Setting Goodreads and the new pages up occupied a decent portion of my writing focus this past week, though I’m also continuing to revise Guardian III.  Good thing, too, since it’s now a little more official that it’s coming out!

Blog Hop: Reading at Work?

book-blogger-hop-finalToday’s Book Blogger Hop question is:  Do you thing that readers make better employees, as opposed to non-readers? Why or why not?

My first thought on this question was…I don’t really see how the two ideas connect?  Unless you’re working in a job where a knowledge of books is particularly relevant (a school, a library or a bookstore seem like the most obvious examples), I’m not sure there’s any direct connection to whether someone likes to read and whether they’re skilled at their job.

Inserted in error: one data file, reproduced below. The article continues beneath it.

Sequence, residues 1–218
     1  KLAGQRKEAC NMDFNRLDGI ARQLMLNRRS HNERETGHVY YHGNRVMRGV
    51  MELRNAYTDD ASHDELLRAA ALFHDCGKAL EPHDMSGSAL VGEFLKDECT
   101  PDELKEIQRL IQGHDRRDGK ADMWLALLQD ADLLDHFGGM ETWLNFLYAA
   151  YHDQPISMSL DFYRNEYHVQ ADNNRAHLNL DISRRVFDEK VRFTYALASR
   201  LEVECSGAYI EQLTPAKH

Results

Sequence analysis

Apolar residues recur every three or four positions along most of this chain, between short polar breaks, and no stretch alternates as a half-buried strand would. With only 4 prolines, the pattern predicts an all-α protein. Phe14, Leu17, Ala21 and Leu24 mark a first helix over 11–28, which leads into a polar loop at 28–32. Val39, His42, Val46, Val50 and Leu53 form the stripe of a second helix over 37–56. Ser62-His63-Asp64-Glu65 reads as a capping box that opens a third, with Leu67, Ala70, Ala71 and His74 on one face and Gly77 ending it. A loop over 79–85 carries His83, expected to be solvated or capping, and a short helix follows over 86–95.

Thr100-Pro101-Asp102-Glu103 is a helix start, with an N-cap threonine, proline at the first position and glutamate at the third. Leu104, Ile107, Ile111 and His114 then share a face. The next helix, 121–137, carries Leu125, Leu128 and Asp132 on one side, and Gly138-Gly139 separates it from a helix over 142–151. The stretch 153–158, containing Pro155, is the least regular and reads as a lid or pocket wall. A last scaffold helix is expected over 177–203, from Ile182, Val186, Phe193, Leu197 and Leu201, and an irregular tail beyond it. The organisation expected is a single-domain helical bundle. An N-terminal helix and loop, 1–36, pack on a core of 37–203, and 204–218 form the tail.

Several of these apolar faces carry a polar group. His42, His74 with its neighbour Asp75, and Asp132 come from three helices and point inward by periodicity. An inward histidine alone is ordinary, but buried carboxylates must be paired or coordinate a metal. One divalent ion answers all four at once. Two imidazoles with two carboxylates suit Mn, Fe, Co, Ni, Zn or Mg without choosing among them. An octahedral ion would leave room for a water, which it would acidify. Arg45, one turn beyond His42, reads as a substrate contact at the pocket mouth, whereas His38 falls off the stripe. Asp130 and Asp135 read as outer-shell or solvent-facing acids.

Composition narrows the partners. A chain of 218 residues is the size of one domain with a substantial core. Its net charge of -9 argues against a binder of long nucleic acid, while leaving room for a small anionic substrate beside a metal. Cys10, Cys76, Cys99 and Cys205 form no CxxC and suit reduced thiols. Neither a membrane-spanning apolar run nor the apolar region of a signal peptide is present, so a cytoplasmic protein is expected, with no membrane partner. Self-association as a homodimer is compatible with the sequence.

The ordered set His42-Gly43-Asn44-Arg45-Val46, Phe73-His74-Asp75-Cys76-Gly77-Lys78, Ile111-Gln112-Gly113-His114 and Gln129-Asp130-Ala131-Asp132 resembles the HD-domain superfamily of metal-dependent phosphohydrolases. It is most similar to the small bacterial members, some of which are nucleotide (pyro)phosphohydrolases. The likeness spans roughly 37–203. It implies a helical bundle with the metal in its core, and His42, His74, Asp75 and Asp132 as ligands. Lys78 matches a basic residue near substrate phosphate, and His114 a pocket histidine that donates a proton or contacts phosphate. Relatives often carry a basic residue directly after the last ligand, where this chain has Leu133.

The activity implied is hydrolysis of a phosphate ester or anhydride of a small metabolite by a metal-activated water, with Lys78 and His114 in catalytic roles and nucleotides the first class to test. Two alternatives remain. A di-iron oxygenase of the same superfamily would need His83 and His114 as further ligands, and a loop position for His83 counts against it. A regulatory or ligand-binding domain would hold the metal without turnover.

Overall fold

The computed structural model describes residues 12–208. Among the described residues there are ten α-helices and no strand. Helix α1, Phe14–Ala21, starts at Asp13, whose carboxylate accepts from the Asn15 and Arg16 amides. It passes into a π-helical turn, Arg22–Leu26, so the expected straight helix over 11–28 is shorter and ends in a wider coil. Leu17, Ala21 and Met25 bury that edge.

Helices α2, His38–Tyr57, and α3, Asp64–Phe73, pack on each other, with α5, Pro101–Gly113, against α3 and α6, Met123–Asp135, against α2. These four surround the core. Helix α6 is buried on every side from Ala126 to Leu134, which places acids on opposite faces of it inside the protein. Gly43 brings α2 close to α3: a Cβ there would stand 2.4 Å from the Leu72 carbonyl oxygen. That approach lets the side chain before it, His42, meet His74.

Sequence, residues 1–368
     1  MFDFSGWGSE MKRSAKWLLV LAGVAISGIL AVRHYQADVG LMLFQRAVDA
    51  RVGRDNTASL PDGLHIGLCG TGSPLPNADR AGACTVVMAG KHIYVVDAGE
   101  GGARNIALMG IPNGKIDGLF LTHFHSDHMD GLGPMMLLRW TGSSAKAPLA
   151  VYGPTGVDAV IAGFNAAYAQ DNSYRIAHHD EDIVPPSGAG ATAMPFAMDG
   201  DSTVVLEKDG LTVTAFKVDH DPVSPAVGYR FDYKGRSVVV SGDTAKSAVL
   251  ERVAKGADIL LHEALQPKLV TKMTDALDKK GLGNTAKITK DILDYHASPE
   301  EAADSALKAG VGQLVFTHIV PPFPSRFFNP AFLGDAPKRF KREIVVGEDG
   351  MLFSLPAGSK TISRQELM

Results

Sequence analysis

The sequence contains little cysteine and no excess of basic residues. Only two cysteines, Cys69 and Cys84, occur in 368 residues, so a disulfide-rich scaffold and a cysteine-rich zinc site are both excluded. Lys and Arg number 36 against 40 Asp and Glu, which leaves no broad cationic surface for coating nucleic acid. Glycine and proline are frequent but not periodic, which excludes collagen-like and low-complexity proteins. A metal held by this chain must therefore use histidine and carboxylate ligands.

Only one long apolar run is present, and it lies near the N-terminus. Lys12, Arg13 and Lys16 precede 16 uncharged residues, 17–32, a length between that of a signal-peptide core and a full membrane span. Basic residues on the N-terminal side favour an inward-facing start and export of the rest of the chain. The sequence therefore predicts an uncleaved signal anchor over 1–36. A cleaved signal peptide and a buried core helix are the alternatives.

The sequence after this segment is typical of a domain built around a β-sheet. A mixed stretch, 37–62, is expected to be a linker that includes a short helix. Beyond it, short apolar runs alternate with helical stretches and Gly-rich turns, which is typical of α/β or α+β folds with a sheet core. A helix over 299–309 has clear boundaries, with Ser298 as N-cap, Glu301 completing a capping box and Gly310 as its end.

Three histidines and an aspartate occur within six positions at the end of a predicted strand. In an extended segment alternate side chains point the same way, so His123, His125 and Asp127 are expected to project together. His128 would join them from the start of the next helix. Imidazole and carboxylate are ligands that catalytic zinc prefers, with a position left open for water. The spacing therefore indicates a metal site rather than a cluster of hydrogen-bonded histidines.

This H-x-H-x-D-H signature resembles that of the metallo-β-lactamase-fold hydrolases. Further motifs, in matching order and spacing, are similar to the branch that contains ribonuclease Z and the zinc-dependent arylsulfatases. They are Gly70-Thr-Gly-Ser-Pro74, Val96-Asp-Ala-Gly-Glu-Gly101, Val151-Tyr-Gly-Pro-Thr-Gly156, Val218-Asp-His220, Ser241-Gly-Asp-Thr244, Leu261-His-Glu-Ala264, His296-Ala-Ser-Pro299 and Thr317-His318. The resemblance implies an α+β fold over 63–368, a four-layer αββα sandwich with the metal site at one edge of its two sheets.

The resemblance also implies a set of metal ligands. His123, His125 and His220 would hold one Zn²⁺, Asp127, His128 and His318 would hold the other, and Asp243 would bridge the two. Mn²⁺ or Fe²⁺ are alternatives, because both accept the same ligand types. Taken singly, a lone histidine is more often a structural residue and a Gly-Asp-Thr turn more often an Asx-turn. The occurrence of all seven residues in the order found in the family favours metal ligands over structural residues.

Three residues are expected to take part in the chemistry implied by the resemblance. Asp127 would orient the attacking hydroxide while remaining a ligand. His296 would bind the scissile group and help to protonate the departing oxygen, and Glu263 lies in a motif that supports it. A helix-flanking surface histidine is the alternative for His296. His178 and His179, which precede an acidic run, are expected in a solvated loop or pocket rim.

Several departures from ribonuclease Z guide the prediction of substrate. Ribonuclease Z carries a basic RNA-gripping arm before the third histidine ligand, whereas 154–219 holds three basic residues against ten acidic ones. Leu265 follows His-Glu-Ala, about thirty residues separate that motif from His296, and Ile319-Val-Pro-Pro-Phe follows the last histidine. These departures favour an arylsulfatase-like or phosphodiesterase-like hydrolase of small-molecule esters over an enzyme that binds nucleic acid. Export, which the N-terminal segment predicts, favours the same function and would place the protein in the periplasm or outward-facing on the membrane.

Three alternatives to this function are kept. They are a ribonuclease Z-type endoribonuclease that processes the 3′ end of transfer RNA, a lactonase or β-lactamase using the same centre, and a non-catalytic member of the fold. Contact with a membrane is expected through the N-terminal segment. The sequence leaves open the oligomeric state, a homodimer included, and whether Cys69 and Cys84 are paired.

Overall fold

I think reading is one way people can grow, gaining knowledge, new perspectives and greater empathy.  But it’s not the only way.  And I don’t think a love of reading automatically indicates higher intelligence over non-readers–again, there are  other ways smart people may choose to spend their time.

Good reading comprehension skills, the kind that they test on the SAT, are one skill that’s useful for employees, especially in any job with any element of admin.  I work in marketing and I’ve sent a LOT of emails over my career, and the ability to understand an email and to write a clear one back is in fact really helpful.  There probably is a correlation between people with good reading comprehension and people who love to read.  But–it’s just one skill, and it also feels like I’m really parsing this question to get to this point.  Also, many, many other things (work ethic, integrity, knowledge re: their actual job tasks) go into making someone a good employee.